Maybe you didn’t withhold enough, forgot to pay estimated taxes for a side gig or you made another kind of honest mistake, and now you have a big, looming tax bill coming your way. This happens to many Americans, and, in certain cases, they will struggle to settle up on what they owe.
The consequences can grow quite costly: If you can’t pay taxes owed by the original filing due date, you’ll be subject to both interest and late-payment penalties, according to the IRS. The IRS advises taxpayers in this situation to file on time even if they can’t pay the entire balance. And it’s best to pay that balance as soon as possible to avoid additional charges. Specifically, the additional charges could amount to penalties of 5% of the tax due for every month, or fraction of month, that the return is overdue, according to Mark Luscombe, principal federal tax analyst at Wolters Kluwer Tax & Accounting.
“Several years back, the IRS issued new rules to help soften the blow for these taxpayers,” Luscombe says, “including increasing the threshold at which the IRS files a lien against their property, bank account or wages, which will impact credit ratings. Despite the changes, however, you’ll still face a host of issues for not paying when owed and need to understand the options available to address the debt.”
To learn more about 5 of these options, NEA Member Benefits talked to Luscombe and Shawn Spaulding, a San Marcos, Calif.-based tax attorney. As always, their advice represents their educated opinion alone. If you’re in a situation in which you face difficulties in paying taxes owed, we advise that you seek a qualified tax professional to help you make the best decisions for your individual case. You can also learn more about tax payment options on the IRS website.
Here’s what they had to say.
1. Get an extension. In many cases, the IRS will be perfectly willing to extend your deadline to pay. “If you can’t pay the bill when it’s due, but you feel you can do so within 120 days, you can ask and—if you owe less than $100,000—receive a short-term, administrative extension,” Luscombe says.
2. Borrow to pay it off. If you need more time than 120 days, you may want to consider a bank loan—possibly through home equity—or even your credit card. To reduce the interest burden of the latter, you could transfer what you owe into a new card with a favorable, introductory rate. “While going into debt to pay off a debt might not seem like a great option at first, the interest rate and fees assessed by a bank or credit card issuer may be lower than the interest and penalties assessed by the IRS,” Luscombe says. “Credit card payments must be made electronically, frequently through personal tax software or a paid tax preparer.”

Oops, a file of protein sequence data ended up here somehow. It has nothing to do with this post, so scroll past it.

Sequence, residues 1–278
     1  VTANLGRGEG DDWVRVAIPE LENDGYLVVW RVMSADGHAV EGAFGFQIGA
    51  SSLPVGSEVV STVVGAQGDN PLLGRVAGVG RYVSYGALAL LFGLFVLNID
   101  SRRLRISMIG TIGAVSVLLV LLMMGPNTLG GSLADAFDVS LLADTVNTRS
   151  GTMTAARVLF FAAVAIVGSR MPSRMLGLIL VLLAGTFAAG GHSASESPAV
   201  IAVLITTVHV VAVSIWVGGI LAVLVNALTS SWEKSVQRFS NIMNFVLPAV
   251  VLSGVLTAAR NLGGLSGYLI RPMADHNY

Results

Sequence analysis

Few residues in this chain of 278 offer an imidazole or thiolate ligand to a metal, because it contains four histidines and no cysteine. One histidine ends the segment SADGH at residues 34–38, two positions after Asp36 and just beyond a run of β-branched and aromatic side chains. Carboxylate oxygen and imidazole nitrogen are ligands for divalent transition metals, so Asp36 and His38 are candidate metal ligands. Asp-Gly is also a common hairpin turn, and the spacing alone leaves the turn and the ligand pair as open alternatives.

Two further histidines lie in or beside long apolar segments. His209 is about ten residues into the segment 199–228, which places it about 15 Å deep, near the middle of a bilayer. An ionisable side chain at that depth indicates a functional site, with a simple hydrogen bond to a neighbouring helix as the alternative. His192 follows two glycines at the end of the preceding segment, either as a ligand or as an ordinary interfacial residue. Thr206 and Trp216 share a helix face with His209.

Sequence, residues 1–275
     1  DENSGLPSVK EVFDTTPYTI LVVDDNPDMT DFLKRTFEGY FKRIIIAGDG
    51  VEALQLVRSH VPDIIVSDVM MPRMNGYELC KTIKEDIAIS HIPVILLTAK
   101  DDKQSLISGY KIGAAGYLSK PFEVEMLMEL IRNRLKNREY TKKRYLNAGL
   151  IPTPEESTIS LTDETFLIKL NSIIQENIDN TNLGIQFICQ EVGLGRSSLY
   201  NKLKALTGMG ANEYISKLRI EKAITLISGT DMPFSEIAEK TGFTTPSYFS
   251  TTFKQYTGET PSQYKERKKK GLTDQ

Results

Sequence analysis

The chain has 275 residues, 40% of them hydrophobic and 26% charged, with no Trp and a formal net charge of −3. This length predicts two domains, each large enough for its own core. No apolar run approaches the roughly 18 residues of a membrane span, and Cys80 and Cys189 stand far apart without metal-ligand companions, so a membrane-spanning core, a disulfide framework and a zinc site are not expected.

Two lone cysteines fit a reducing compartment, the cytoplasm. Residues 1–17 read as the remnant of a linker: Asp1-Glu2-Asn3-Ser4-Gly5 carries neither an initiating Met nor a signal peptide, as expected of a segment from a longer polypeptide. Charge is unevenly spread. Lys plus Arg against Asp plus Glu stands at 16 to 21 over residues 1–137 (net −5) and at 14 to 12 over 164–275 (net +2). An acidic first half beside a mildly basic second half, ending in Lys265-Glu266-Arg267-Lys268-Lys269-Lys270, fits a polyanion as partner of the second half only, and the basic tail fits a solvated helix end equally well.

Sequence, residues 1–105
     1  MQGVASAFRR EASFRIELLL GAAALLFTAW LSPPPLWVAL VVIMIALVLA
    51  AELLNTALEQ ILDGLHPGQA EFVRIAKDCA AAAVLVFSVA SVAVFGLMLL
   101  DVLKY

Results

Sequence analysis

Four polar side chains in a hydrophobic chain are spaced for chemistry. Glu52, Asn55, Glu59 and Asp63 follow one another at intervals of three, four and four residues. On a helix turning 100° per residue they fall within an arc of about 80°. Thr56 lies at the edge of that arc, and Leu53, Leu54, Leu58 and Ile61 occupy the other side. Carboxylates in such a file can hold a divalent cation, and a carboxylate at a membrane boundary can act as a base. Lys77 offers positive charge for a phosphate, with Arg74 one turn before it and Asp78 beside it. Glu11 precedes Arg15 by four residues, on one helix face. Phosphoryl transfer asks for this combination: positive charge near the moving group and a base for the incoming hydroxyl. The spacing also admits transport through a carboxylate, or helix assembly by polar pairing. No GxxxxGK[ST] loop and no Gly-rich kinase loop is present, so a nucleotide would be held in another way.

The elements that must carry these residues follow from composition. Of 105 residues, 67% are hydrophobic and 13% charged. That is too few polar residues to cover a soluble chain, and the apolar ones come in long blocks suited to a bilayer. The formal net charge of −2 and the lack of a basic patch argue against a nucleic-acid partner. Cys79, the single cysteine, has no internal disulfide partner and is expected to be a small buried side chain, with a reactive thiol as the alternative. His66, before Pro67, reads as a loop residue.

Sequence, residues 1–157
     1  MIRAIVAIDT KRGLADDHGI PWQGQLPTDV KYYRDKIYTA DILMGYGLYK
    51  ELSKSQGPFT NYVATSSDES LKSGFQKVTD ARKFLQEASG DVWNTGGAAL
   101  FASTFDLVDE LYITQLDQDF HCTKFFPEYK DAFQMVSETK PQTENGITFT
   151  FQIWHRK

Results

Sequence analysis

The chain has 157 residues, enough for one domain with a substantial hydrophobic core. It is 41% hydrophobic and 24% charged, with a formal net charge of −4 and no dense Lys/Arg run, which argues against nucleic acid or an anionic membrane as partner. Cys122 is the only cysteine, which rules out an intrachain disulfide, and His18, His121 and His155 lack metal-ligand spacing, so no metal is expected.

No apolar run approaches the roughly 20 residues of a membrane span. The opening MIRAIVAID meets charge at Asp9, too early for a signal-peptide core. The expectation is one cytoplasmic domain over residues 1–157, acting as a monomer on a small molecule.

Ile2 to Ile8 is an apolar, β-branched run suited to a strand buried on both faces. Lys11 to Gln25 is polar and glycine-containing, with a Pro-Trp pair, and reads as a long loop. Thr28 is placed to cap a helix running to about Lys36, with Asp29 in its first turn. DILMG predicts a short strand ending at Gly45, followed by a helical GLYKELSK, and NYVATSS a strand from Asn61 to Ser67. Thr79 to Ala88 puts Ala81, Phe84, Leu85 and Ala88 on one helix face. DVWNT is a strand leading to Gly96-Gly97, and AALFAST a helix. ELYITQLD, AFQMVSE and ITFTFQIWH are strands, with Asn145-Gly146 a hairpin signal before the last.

3. Claim hardship. By being declared what the IRS calls a “Currently Not Collectible” account, you’ll receive an official delay in payment if you can demonstrate that making good on what you owe to the IRS would prevent you from meeting your basic living expenses. “Being currently not collectible doesn’t mean the debt goes away,” according to the IRS at its official site. “It means the IRS has determined you can’t afford to pay the debt at this time. Penalties and interest continue to accrue until you’ve paid off the debt in full.”
In this case, the IRS asks candidates to fill out a Collection Information Statement and submit proof of financial status, which should include details about their assets, monthly income and expenses. “Generally, a hardship status will prevent levies and garnishment for 12 months,” says Spaulding. “Still, if you owe more than $10,000, the IRS will record a lien in the county where you live, immediately after approving hardship status.”
As for how the IRS determines hardship cases, the agency generally assesses what should be reasonable, allowable monthly expenses. “In other words, you can’t claim $3,000 a month for a car payment,” Spaulding says.
4. Request an “Offer in Compromise.” For special circumstances, the IRS will accept less than the full amount due. “This typically happens when taxpayers show that the full debt could never be collected or they’re disputing how much is owed,” Luscombe says. “But neither party wants to enter into a legal battle to resolve the issue.” To make the request, all filings have to be current, and you can’t be part of an open bankruptcy case.
5. Enter an installment plan. If you can’t qualify for an offer of compromise, you can stretch payments (if the total is less than $50,000) over as much as 72 monthly installments. “You do this directly through the Automated Clearing House and avoid a lien filing, garnishments and levies,” Spaulding says. “To qualify, you’re not required to provide full financials like bank statements, pays stubs and bills, as with an Offer in Compromise or Currently Not Collectible situation.” A range of user fees apply. As with an Offer in Compromise, all filings have to be current, and you can’t be part of an open bankruptcy case.
How to Avoid Owing Taxes Next Year
Obviously, you’ll want to spare yourself from this ordeal a year from now. Spaulding suggests these 3 steps:
Check your W-4. You have to ensure that your exemptions are accurately listed. “If there are too many, then your employer won’t withhold enough taxes and you will owe,” Spaulding says.
Be careful about withdrawing from your 403(b) and other retirement plans. If you’re in a tight spot and need that money, set aside enough to pay taxes on it. “Since those accounts are funded with pre-tax dollars, all the money you pull out will probably be subject to income tax, plus a 10% penalty in most cases,” Spaulding says.
If you freelance, make estimated tax payments. Many educators have a side gig. Whether you tutor or launch a home-based business, you must set up an estimated tax schedule and make quarterly payments. “The U.S. has a ‘pay as you go’ system,” Spaulding says. “This means you’ll remit taxes throughout the year—not just by April 15.”